Let’s say a canister needs to submit transactions to another chain whereby t-ECDSA does the signing and HTTPS outcalls reach out to a prepaid RPC endpoint. Putting the cycle costs of HTTPS outcalls and t-ECDSA aside, would this be a scalable architecture wrt t-ECDSA?
That sounds exactly like ETH integration phase 1. I don’t see anything wrong with this approach. Of course you have the single point of failure on the RPC endpoint, but you can also have multiple of those available
Thx for the quick response @Severin , given your input I’m going ahead with this. Two endpoints consuming my signed messages are supposedly high-availability, but yeah, good point, systems are only as strong as the weakest chain in the loop. I have a much bigger concern, based on my side: What happens if my canister traps, rendering all previously signed data unusable?
How would a trap render all data unusable? Trapping only reverts to the state before the last entry point (function call or
Sorry my question wasn’t clear, let me break it down. For one of the two t-ECDSA signed message consuming endpoints in my architecture, a canister will be treated as a “service user” account owner on that endpoint, let’s call it M. I thought t-ECDSA’s derivation_path would be the canister_id, hence my assumption that a trapped canister situation would spawn a new canister_id making the previous canister_id linked derivation_path go in smokes, taking with it the “service user” of that endpoint.
Sort-of, the the derivation path is canister id + the derivation_path you supply
There is no such thing as a ‘trapped canister’. You can make a canister stuck somehow, but you can always reinstall over it. If you lose access because you remove its controllers, yes, then it can get ‘lost’, but I think it’s pretty obvious if you do such dangerous operations and you’ll know to triple-check those situations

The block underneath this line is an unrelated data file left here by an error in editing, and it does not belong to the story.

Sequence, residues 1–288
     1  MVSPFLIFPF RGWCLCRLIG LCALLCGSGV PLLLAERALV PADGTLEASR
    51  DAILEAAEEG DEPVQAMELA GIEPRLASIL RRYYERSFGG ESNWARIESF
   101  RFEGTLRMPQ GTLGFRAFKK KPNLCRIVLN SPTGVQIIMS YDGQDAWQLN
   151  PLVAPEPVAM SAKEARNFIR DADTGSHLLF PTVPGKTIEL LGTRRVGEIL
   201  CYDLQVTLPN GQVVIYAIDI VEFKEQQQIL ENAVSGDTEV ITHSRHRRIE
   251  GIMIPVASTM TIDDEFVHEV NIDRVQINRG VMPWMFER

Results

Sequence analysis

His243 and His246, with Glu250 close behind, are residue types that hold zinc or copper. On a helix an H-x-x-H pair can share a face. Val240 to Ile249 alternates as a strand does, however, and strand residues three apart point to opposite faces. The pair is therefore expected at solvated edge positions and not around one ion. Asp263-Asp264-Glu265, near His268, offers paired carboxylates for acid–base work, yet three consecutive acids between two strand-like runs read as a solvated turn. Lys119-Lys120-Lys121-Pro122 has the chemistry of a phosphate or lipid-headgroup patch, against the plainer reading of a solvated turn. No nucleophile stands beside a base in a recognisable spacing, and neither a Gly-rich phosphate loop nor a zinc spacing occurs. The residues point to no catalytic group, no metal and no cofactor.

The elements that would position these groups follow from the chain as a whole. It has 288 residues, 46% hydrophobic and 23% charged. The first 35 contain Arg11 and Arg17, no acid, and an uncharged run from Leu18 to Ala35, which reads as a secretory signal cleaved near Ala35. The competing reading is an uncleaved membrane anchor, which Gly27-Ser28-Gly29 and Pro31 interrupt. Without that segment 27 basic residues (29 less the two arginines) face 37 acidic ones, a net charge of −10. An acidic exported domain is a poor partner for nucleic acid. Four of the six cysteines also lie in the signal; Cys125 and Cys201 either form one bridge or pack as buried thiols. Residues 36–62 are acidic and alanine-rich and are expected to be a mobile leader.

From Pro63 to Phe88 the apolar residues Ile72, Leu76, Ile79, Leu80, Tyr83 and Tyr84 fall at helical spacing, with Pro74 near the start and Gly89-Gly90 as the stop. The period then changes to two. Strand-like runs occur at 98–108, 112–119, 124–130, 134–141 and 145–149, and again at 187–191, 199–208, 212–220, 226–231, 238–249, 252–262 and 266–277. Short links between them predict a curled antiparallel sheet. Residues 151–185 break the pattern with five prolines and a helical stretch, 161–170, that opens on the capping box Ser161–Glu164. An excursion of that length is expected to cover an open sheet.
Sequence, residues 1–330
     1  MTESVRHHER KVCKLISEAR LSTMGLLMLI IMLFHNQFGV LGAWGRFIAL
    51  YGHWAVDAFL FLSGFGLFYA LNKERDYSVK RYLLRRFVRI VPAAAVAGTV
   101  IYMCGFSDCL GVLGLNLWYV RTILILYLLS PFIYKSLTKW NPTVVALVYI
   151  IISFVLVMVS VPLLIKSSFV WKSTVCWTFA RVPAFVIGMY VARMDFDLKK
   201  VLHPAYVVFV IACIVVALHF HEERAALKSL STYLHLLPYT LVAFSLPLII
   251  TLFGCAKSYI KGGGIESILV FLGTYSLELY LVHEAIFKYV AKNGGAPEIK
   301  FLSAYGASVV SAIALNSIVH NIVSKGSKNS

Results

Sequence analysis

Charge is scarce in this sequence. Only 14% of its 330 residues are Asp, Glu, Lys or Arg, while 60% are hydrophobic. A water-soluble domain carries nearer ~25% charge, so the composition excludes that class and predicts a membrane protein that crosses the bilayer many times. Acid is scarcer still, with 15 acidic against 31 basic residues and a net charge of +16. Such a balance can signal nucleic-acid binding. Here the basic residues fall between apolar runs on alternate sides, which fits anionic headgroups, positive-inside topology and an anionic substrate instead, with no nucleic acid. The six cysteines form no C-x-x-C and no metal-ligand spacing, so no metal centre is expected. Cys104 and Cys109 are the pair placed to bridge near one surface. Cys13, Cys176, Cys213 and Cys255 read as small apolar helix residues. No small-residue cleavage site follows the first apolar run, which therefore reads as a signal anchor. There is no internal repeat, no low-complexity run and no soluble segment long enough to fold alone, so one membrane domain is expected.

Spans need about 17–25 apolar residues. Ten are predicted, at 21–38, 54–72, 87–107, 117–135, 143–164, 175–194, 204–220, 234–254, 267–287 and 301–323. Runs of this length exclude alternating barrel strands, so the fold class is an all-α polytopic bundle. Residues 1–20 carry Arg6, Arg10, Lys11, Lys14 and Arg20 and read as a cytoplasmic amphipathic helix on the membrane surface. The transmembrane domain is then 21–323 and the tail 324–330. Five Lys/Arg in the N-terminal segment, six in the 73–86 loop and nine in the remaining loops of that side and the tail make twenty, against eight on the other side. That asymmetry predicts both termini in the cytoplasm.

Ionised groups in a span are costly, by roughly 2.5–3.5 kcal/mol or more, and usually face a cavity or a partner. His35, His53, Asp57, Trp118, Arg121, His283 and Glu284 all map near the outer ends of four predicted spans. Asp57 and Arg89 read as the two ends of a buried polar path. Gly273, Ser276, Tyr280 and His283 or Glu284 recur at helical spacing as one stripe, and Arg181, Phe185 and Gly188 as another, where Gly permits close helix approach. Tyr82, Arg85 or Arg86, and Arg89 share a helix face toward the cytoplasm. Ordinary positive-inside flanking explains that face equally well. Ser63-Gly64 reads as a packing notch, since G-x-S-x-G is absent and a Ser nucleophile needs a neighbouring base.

So reinstalling over a canister returns the same canister_id, therefore this redeployed canister code will be treated the same by t-ECDSA wrt derivation_path, correct? Surely the immutability goal is to black hole all canisters, I’ll pop a upon reaching that goal.
Correct. But I’d change the terminology a bit:
install_code (the function actually called to modify the wasm, no matter if you use mode install/reinstall/upgrade/uninstall) is an operation that modifies a canister, so there is no reason for it to change addresses.
Are you maybe coming over from e.g. ETH? Over there smart contracts are immutable by default and if you want to change things you have to deploy a new contract. It’s not the same on the IC. You can modify and even delete your canister’s code in any way you want, and the underlying id stays the same
Such a useful design decision by Dfinity folks. Thx @Severin , t-ECDSA is clearer for me now.